Cabbages can look beautiful in a flower border. Photo: Unsplash

If the last year has taught us anything, it’s how much we value our outdoor space. 

Staying at home, protecting ourselves and our loved ones for nearly a year now, many of us have appreciated our gardens and taken a more active interest in that patch of green outside the kitchen window.

Estate agents certainly have reported buyers putting a garden far higher on their wish list than in the past and developers are even including wonderful communal vegetable patches in planning proposals for inner-city living.

Many people think a vegetable patch is not an option for them but there are more ways to grow your own veg than you might first think, whether you have a paddock or a window box, and trust us, nothing tastes better than fresh tomatoes you have grown yourself!

You can grow a garden anywhere! Photo: Unsplash

In small areas, you need to box clever to maximise the space available. Consider going up – find a sunny wall and attach a trellis for beans or if your DIY mojo is strong build yourself a vertical vegetable patch by attaching a series of boxes or planters to the wall. Vegetables will thrive in a warm, sunny spot but do need regular watering.

Globe artichokes are beautiful and statuesque. Photo: Unsplash

If you just can’t bear to give up valuable flower border space, consider vegetables that are beautiful and delicious. Globe artichokes and cabbage plants, with their many shapes and colours, are actually used by some gardeners in their planting schemes as an ornamental plant. And in the winter when other plants are dormant, an architectural row of Brussels sprouts is very eye-catching.

An old pair of jeans will make an unusual planter. Photo: Bobby Twidale
Nothing tastes better than a tomato you’ve grown yourself. Photo: Unsplash

If your outdoor space is paved, a collection of pots and planters with a mix of flowering and edible plants is both beautiful and practical. Even the smallest window box is space enough for lettuce or herbs and if you have no outdoor space at all, a sunny window ledge will suffice. Don’t think you always have to spend money buying new planters. Be creative and come up with ways to repurpose items you already have – a cardboard toilet roll tube makes a perfect pot for seedlings with the added benefit that you can plant the whole thing out when the plant is ready, the cardboard will just decompose in the ground. An old tyre makes a surprisingly attractive planter and even an old pair of jeans can be upcycled  – clever and sustainable.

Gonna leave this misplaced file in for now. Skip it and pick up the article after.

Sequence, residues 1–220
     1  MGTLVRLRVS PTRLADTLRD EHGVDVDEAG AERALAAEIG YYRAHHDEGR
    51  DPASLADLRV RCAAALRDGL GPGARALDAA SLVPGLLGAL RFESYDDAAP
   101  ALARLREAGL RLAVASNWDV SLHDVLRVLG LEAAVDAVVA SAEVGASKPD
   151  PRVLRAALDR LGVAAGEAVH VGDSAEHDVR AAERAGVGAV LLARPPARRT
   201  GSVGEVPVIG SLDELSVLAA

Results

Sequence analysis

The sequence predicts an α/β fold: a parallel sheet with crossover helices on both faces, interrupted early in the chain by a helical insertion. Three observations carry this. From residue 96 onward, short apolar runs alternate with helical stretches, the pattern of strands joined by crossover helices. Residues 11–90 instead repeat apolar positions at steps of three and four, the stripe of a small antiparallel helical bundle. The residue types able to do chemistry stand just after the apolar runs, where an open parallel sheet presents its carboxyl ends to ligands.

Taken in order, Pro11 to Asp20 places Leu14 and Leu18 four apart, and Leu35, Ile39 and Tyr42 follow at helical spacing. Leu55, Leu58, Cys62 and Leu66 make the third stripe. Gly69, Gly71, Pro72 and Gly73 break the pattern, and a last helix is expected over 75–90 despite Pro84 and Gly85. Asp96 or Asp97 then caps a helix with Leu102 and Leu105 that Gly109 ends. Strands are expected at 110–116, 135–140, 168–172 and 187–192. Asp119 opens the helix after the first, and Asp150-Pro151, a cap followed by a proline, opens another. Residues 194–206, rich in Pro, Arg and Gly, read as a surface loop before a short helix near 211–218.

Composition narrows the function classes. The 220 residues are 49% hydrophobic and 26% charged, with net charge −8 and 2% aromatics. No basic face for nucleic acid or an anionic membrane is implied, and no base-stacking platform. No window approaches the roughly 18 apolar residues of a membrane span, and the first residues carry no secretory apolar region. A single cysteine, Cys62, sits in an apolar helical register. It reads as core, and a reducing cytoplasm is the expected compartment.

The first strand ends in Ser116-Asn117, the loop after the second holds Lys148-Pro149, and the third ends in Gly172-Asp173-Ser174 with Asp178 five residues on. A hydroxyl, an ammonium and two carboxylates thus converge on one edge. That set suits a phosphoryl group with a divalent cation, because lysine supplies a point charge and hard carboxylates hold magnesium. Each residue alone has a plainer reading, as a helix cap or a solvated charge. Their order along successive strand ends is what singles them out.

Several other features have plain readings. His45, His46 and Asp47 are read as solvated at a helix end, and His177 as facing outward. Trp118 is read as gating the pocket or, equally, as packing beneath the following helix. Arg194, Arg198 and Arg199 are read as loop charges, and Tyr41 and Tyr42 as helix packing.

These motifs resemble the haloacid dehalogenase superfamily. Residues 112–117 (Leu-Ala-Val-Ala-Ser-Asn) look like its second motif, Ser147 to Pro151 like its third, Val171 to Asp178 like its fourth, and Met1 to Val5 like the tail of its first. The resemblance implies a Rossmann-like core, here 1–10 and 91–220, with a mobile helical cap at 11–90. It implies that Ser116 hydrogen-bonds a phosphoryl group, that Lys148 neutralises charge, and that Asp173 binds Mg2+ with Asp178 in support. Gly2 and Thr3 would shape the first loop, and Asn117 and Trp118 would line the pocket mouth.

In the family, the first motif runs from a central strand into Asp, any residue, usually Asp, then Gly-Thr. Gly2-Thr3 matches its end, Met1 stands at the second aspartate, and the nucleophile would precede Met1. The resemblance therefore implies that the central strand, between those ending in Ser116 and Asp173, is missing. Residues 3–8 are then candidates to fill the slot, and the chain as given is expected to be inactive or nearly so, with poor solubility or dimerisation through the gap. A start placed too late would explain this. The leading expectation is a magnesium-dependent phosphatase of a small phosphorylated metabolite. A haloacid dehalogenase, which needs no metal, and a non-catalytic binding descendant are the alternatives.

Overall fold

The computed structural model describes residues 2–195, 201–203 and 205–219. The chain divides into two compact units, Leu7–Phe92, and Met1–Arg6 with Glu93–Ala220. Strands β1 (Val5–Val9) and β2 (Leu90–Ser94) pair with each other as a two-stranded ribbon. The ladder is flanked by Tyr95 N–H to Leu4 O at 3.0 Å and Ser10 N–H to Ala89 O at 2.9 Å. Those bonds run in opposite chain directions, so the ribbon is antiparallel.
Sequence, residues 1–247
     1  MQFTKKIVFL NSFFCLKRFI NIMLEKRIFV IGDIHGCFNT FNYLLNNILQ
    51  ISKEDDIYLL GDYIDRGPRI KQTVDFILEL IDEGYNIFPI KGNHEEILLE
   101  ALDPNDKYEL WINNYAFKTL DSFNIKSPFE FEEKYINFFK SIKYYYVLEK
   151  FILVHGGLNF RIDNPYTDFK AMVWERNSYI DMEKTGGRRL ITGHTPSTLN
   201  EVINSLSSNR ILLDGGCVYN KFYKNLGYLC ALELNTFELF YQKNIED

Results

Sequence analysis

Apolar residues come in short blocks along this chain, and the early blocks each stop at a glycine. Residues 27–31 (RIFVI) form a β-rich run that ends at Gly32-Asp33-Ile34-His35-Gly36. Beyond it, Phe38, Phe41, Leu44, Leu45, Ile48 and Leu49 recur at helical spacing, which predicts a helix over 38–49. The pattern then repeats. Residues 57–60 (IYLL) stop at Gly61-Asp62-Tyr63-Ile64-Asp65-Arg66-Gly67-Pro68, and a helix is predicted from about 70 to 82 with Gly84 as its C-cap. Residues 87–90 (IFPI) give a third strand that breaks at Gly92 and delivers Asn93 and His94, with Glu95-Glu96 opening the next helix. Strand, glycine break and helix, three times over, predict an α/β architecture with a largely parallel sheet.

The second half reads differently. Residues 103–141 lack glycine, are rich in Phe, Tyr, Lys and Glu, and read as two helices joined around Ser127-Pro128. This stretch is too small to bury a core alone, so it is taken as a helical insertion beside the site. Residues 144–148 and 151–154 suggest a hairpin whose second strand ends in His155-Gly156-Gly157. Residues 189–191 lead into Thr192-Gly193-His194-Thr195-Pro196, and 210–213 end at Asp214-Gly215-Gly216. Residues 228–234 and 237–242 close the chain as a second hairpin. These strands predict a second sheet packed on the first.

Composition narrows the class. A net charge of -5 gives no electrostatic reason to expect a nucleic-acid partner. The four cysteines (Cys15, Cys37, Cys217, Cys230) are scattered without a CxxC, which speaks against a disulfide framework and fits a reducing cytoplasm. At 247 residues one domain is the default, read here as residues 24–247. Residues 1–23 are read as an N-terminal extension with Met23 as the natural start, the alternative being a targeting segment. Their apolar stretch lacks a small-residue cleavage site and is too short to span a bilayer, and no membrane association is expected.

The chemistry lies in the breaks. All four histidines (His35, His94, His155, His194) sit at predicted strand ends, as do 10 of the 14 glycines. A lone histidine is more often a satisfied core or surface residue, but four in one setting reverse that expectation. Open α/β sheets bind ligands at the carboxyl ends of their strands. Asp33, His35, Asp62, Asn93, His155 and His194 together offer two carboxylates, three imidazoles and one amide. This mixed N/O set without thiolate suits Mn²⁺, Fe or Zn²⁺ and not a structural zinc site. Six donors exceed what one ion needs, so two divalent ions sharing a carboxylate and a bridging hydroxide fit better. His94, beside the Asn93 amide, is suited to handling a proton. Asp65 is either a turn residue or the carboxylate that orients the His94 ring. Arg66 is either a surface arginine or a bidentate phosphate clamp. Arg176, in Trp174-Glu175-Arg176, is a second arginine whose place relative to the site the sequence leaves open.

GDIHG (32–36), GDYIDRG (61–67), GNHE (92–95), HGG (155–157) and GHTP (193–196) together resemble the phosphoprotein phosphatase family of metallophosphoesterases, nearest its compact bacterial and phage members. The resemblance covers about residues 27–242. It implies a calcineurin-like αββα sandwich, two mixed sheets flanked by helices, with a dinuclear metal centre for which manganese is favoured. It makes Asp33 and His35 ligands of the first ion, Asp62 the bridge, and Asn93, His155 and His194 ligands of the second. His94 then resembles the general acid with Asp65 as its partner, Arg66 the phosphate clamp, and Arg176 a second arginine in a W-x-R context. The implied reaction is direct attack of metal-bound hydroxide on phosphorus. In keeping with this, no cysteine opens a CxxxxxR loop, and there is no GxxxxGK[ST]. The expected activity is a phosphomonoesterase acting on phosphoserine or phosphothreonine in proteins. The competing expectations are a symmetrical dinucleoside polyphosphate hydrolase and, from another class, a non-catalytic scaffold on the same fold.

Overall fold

Vegetable gardening is for the whole family. Photo: Unsplash

Limited mobility can put off potential gardeners and anyone who has spent more than a couple of hours bent over weeding will definitely understand why. This is where the raised bed comes into its own. With vegetables and other plants raised to knee or waist height, they are more accessible to those who don’t want to or aren’t able to work at ground level. And an added benefit is they are much less prone to weeds. 

Gardening is for the whole family. Check out National Children’s Gardening Week which runs from May 29 to June 6. It celebrates the fun that gardens hold for kids, their parents, grandparents and friends. The website is packed with ideas for fun garden projects and activities to keep everyone busy outdoors.

If we’ve filled you with inspiration, now is the perfect time to start planning your summer vegetable patch – you can start planting later this month. We are blessed with many wonderful garden centres in the Rutland area. Here are our favourites:











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